Edwin P. Sallan, InterAksyon
Published: June 12, 2017, 3:05 PM ( Updated: June 13, 2017, 5:58 PM )
Filmmaker Ralston Jover speaks during a video interview at last year’s Moscow International Film Festival. (Screenshot via YouTube)
Early last month, American magazine The Atlantic published “My Family’s Slave,” an article by Pulitzer-winning Filipino-American journalist Alex Tizon that told the apparently true story of his family’s elderly househelp who turned out to be a modern day slave.
According to Tizon’s article, Eudocia Tomas Pulido or “Lola” as she was fondly referred to in the family household, was a distant cousin who at the age of 18 was “given” by his grandfather to his then 12-year old mother. She then spent the next 56 years as a “slave” of the family and helped raise three generations of the Tizon clan.
Lola’s story drew strong reactions on social media where it was heavily debated as numerous articles that reacted to the piece were published in its wake.
One of those touched by Lola’s story was award-winning independent filmmaker Ralston Jover who immediately shared the link of the articles and related stories on his Facebook page.
“Fil-Am & Pulitzer prize winner Alex Tizon’s epic family drama about Filipinos’ brand of domestic slavery, stirs the heart in a string of emotional turmoil. #bestread #heartbreaking,” Jover posted last May 17.
Following his posts, Jover said a high school classmate whom he did not identify promptly got in touch with him with a proposal for a movie adaptation of the controversial article.
“My classmate told me he had producers for the project. But a few days later he got killed in a murder incident in Pasay City after he got involved in the conflict between leaders and members of the Iglesia ni Cristo,” the filmmaker recalled in an interview with InterAksyon.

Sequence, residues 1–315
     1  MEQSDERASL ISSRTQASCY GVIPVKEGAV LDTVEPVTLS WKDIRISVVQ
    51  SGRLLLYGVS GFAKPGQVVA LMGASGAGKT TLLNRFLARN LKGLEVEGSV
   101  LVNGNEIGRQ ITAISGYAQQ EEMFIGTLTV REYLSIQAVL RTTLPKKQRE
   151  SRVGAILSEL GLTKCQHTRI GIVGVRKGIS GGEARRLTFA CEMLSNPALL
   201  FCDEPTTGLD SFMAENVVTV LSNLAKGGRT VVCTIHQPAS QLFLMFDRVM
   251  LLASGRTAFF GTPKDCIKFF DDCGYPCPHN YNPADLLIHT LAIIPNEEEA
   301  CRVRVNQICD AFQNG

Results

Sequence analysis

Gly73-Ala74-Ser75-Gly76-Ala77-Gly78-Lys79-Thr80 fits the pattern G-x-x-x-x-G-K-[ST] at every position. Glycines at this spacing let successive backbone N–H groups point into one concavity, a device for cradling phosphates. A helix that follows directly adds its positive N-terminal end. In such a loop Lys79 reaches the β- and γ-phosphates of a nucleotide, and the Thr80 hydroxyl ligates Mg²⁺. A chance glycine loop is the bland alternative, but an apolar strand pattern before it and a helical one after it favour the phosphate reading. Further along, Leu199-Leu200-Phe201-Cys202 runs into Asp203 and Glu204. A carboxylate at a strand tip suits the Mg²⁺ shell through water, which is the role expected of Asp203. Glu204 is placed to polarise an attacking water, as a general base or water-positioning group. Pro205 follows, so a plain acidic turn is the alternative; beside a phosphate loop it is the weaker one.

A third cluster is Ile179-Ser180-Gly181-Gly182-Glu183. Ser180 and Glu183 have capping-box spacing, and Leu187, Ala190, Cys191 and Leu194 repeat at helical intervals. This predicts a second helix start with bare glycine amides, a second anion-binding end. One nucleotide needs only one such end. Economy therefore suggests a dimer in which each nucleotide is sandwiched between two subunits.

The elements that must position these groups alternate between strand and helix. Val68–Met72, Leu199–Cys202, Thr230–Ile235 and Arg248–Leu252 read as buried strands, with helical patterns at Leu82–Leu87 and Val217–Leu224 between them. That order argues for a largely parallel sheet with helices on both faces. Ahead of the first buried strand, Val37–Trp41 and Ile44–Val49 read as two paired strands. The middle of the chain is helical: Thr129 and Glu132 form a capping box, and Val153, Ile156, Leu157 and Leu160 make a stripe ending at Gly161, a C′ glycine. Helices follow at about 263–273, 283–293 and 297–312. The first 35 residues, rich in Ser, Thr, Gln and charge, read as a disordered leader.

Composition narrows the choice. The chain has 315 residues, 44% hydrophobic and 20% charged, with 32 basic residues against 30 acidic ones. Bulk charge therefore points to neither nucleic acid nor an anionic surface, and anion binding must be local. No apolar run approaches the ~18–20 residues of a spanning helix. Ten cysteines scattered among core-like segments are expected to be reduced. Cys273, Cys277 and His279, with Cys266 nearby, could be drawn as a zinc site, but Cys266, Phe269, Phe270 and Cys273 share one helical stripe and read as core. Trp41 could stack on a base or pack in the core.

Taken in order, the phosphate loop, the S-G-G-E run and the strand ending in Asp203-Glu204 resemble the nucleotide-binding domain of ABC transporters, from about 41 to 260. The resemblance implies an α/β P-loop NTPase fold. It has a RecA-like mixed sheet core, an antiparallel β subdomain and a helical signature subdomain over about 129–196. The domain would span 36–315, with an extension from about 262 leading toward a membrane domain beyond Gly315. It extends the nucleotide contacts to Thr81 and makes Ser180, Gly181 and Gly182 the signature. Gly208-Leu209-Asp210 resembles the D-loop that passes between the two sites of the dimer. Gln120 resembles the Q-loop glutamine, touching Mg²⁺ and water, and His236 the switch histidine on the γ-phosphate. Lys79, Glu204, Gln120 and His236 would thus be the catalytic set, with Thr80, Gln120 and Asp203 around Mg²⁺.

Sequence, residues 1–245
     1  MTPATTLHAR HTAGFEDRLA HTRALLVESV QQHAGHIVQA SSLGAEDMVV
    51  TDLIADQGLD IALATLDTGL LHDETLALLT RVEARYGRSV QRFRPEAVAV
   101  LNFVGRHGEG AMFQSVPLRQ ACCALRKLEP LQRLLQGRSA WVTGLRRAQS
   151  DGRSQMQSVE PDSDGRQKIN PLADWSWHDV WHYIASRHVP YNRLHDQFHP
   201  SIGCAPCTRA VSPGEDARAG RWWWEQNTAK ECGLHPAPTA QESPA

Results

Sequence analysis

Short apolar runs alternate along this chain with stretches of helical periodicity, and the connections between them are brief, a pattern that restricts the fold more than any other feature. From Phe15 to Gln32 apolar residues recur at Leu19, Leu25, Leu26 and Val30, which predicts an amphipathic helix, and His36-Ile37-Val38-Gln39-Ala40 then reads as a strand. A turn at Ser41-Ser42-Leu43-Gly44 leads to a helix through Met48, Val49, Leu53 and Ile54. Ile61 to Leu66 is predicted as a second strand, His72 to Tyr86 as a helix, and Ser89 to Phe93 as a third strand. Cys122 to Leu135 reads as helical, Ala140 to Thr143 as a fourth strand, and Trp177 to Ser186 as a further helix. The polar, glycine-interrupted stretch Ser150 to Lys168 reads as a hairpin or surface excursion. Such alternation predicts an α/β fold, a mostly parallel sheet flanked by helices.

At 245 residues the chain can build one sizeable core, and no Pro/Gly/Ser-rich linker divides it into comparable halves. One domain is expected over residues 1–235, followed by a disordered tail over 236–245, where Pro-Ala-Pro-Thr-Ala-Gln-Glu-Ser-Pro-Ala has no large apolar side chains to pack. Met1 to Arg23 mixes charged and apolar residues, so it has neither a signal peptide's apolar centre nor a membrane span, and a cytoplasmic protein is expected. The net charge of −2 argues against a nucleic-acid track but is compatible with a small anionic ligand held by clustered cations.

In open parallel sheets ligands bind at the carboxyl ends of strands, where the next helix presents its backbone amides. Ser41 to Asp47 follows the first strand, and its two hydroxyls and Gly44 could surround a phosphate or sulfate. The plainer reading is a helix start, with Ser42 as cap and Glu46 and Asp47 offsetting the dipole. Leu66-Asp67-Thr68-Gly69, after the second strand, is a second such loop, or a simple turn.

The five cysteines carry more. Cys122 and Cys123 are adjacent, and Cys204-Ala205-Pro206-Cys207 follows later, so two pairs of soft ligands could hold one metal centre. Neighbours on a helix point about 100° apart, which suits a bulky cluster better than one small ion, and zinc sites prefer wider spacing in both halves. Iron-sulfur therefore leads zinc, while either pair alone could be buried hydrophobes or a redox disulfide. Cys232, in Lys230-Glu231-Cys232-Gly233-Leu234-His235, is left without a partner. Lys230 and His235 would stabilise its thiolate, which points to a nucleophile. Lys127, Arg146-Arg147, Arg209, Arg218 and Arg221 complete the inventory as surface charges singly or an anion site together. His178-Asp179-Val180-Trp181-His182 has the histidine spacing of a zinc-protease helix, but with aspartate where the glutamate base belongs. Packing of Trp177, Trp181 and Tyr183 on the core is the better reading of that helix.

Jover’s classmate had no connections with the Tizon family but he was so hooked by the article that it might have been possible to take what was just a mere “plan” to the next level if it wasn’t for the former’s untimely demise.
But even though the proposed movie project on Tizon’s story was nipped in the bud, Jover himself felt a strong affinity with Lola.
“I just remembered our own maid who has been staying with us for more than 35 years already. She is still with my dad, as his caregiver,” Jover shared.
Based on his body of work, Jover whose films have won numerous awards in several international film festivals, would be up to the task of adapting “My Family’s Slave” for the big screen.
A good number of his films — from Jeffrey Jeturian’s “Kubrador” and Adolfo Alix, Jr’s “Mrs.”, both of which he co-wrote, to his own “Bendor” “Da Dog Show” and “Hiblang Abo” — are in fact known for their compelling elderly characters.
While Jover admits that he still has not come up with a script or even an outline of how he would interpret Tizon’s essay, he believes that “My Family’s Slave” would be a good material for Superstar Nora Aunor.